San Marco is one of the gems of Florence. It is the Dominican friary, once residence of Savonarola but also of one of the most remarkable and innovative artist of the 15th century. He was a Dominican Friar, Giovanni da Fiesole, but more commonly known as ‘Beato Angelico’ or Fra Angelico.
He is buried in the Dominican church of Sopra Minerva in Rome. San Marco is almost a gallery of Fra Angelico’s work. As you go through the Friary his work comes to meet you; it invites you to stand and look. Fra Angelico will not let you be a visiting tourist. He quietly holds you, insists that you attend; stop looking and see with interior eyes.
Not only is Fra Angelico’s work artistically innovative it is also contemplative. This is especially evident in the works painted on the walls of each cell occupied by one of the Dominican friars. These are smaller, often very personal and mystical works, designed to serve the prayer of the occupant and draw him into the mystery of salvation. All the scriptural scenes displayed are made up of faces and landscapes that any inhabitant of Florence and the surrounding countryside would recognise. The ‘event’ is not some moment in the past, it is ‘now’, in this place and I am part of it. In his use of space and light, and also the quiet dynamism of his scenes – sometimes they appear to anticipate the surreal, especially when they are compositions of the instruments of the passion – Fra Angelico moves away from the gothic conventions.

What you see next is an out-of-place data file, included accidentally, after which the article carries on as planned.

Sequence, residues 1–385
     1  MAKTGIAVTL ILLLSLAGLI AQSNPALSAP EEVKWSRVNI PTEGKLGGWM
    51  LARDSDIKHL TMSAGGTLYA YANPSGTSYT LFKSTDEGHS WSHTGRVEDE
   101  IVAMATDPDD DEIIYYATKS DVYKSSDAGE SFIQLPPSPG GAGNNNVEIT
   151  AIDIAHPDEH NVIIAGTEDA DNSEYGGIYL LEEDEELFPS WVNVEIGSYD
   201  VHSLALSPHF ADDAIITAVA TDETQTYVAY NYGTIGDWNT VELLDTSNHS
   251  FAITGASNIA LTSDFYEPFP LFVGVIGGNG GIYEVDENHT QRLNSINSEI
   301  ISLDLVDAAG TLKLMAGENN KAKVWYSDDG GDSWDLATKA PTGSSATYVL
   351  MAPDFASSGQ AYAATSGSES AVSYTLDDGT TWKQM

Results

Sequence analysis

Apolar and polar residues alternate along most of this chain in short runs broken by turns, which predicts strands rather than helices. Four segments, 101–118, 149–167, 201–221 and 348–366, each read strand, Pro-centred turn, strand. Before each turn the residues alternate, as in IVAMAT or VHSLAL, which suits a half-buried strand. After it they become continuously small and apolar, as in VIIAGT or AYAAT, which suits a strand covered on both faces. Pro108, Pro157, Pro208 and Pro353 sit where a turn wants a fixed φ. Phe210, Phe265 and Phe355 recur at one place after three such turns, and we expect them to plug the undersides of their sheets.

The frescos are spare, the people and their gestures are clear but not too busy; there is light and space created out of the careful interplay of place and people. In this way Fra Angelico produces a sense both of stillness and amplitude, even within a small frame, that makes space for us. All of these features are on display at San Marco at the top of the stairs leading from the public spaces and works of the ground floor to the upper floor where the friars have their cells. The top of the stairs is framed by the Annunciation.
It is not accident that we rise up the staircase into its presence, it marks our entrance into a different level of life: from the busy world of the friary below into the private space for rest, prayer and meditation upon the word/Word of God. This private, ‘enclosed’ space becomes a sanctuary as the friars (or us) take time to meditate upon the mysteries of Christ’s life and in the silence open the interior space of the attentive mind and heart to hear the word. The invitation at the base of the Annunciation fresco is to pause and say an ‘Ave’. We stand on the threshold, not only of public and private spaces, but exterior and interior worlds, the interplay of nature and grace. Fra Angelico’s faith imagination always drawing inspiration and depth from that ‘admirabile commercium’ – the wonderful exchange – of the Incarnation.